In this new book, Henry Kissinger, consummate diplomat and statesman, examines the strategies of six great twentieth-century figures and brings to life a unifying theory of leadership and diplomacy.

U.S. President Richard M. Nixon with Henry Kissinger

Granted, many VT readers and others around the world find Henry Kissinger objectionable and that would be fair.  Hell, I even wrote a punk rock song called KISSINGER IS DEAD condemning his influence on the 20th century. But the fact remains, that he was a huge influencer in the 20th century and, approaching 100 years old, continues to influence leaders.  He even met with Trump during his administration.  So love him or hate him, it would be smart to understand his tactics, gambits, and strategies as so many in government still follow what he did and teaches.

For example, “Leaders,” writes Henry Kissinger in this compelling book, “think and act at the intersection of two axes: the first, between the past and the future; the second, between the abiding values and aspirations of those they lead. They must balance what they know, which is necessarily drawn from the past, with what they intuit about the future, which is inherently conjectural and uncertain. It is this intuitive grasp of direction that enables leaders to set objectives and lay down a strategy.”


“An extraordinary book, one that braids together two through lines in the long and distinguished career of former Secretary of State Henry Kissinger…In Leadership, he presents a fascinating set of historical case studies and political biographies that blend the dance and the dancer, seamlessly.” – James Stavridis, The Wall Street Journal

An instant New York Times bestseller


In Leadership, Kissinger analyses the lives of six extraordinary leaders through the distinctive strategies of statecraft, which he believes they embodied. After the Second World War, Konrad Adenauer brought defeated and morally bankrupt Germany back into the community of nations by what Kissinger calls “the strategy of humility.”

U.S. President Gerald R. Ford with Henry Kissinger

Charles de Gaulle set France beside the victorious Allies and renewed its historic grandeur by “the strategy of will.” During the Cold War, Richard Nixon gave geostrategic advantage to the United States by “the strategy of equilibrium.”

After twenty-five years of conflict, Anwar Sadat brought a vision of peace to the Middle East through a “strategy of transcendence.” Against the odds, Lee Kuan Yew created a powerhouse city-state, Singapore, by “the strategy of excellence.” And, though Britain was known as “the sick man of Europe” when Margaret Thatcher came to power, she renewed her country’s morale and international position by “the strategy of conviction.”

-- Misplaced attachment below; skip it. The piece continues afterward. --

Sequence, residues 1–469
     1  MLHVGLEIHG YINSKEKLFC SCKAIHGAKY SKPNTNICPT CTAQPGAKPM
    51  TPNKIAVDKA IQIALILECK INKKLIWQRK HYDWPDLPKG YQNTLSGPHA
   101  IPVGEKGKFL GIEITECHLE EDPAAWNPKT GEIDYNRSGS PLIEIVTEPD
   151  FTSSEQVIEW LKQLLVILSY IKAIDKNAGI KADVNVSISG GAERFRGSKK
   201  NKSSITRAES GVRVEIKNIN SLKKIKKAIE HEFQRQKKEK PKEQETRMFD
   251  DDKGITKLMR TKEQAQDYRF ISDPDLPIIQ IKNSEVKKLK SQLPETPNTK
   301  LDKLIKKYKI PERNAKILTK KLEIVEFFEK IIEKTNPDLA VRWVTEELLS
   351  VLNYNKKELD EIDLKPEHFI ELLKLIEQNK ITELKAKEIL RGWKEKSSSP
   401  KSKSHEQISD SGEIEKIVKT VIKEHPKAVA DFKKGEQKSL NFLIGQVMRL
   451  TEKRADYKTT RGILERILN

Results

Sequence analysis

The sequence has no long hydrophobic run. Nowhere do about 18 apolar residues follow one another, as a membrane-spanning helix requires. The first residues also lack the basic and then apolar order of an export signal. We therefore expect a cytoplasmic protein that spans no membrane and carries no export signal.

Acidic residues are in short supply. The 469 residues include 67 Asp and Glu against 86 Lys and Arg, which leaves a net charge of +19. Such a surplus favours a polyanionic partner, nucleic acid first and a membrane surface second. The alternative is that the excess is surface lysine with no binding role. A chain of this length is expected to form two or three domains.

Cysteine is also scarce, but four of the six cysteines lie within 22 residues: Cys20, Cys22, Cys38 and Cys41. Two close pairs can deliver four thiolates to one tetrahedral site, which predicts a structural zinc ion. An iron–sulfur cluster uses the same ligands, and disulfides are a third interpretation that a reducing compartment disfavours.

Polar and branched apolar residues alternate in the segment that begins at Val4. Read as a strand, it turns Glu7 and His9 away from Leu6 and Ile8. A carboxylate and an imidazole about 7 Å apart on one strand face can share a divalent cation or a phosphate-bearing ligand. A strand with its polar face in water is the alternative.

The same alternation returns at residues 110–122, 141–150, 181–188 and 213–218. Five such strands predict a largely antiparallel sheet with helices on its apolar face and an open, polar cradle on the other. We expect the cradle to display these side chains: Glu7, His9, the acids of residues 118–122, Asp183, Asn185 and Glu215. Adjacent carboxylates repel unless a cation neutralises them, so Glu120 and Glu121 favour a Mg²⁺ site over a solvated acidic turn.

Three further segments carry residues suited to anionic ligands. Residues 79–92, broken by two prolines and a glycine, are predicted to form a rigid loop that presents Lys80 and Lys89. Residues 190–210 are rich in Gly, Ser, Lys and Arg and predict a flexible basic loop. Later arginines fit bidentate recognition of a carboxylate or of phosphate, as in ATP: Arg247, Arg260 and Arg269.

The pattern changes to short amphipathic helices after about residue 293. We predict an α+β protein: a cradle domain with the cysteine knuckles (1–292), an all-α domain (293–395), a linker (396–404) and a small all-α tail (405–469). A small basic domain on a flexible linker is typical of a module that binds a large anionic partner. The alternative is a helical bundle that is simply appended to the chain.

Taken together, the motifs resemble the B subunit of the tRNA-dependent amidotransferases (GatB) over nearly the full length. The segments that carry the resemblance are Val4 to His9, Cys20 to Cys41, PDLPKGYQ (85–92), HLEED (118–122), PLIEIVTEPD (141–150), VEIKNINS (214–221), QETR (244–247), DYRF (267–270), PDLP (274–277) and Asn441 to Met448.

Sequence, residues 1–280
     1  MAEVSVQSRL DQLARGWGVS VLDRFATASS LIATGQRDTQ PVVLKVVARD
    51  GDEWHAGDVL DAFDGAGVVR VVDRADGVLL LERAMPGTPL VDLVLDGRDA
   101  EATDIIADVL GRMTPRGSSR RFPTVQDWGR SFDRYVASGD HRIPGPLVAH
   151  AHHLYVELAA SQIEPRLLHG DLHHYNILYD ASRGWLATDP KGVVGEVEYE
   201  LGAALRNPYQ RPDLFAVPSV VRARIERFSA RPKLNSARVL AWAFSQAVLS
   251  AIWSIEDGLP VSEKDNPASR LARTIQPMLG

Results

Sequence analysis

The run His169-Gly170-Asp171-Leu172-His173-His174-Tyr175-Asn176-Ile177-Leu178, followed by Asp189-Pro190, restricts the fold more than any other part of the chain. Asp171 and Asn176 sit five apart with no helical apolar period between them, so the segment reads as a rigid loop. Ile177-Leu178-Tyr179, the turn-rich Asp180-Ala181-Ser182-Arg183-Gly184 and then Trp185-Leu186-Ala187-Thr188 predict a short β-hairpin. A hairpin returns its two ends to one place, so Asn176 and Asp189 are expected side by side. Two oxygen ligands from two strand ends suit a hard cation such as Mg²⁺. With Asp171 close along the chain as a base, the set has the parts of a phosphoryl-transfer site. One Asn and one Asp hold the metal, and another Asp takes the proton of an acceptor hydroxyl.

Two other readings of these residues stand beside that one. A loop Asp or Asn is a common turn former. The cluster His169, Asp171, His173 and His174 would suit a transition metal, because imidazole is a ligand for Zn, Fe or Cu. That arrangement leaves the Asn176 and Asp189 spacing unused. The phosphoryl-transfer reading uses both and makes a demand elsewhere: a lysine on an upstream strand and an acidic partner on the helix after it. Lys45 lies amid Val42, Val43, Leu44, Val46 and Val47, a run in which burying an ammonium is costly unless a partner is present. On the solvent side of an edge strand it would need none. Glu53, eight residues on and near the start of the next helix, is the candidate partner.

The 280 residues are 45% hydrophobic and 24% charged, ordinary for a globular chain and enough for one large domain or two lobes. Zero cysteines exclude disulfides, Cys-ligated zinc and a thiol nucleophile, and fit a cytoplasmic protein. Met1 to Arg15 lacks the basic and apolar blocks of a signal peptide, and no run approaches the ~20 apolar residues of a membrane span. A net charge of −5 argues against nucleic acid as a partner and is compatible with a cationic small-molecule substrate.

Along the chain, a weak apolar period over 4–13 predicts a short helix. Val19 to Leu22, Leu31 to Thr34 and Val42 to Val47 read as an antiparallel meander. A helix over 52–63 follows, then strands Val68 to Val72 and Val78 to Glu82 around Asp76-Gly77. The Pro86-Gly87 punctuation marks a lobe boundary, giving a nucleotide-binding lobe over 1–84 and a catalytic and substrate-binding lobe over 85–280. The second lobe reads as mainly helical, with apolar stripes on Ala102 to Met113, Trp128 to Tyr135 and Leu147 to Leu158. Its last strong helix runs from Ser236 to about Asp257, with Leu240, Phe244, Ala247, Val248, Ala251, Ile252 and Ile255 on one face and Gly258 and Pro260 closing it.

To each of these studies, Kissinger brings historical perception, public experience, and—because he knew each of the subjects and participated in many of the events he describes—personal knowledge. Leadership is enriched by insights and judgments that only Kissinger could make and concludes with his reflections on the world order and the indispensability of leadership today.


Chilean Dictator Augusto Pinochet shakes hands with Henry Kissinger in 1976

ABOUT HENRY KISSINGER

Henry Alfred Kissinger, born Heinz Alfred Kissinger May 27, 1923, is a German-born American politician, diplomat, and geopolitical consultant who served as United States Secretary of State and National Security Advisor under the presidential administrations of Richard Nixon and Gerald Ford. A Jewish refugee who fled Nazi Germany with his family in 1938, he became National Security Advisor in 1969 and U.S. Secretary of State in 1973. For his actions in negotiating a ceasefire in Vietnam, Kissinger received the 1973 Nobel Peace Prize under controversial circumstances, with two members of the committee resigning in protest.

A practitioner of Realpolitik, Kissinger played a prominent role in United States foreign policy between 1969 and 1977. During this period, he pioneered the policy of détente with the Soviet Union, orchestrated the opening of relations with the People’s Republic of China, engaged in what became known as shuttle diplomacy in the Middle East to end the Yom Kippur War, and negotiated the Paris Peace Accords, ending American involvement in the Vietnam War. Kissinger has also been associated with such controversial policies as U.S. involvement in the 1973 Chilean military coup, a “green light” to Argentina’s military junta for their Dirty War, and U.S. support for Pakistan during the Bangladesh Liberation War despite a genocide being perpetrated by Pakistan. After leaving the government, he formed Kissinger Associates, an international geopolitical consulting firm. Kissinger has written over a dozen books on diplomatic history and international relations.

Kissinger remains a controversial and polarizing figure in U.S. politics, both condemned as an alleged war criminal by many journalists, political activists, and human rights lawyers, and venerated as a highly effective U.S. Secretary of State by many prominent international relations scholars. With the death of centenarian George Shultz in February 2021, Kissinger is the oldest living former U.S. Cabinet member and the last surviving member of Nixon’s Cabinet.

SOURCEVT

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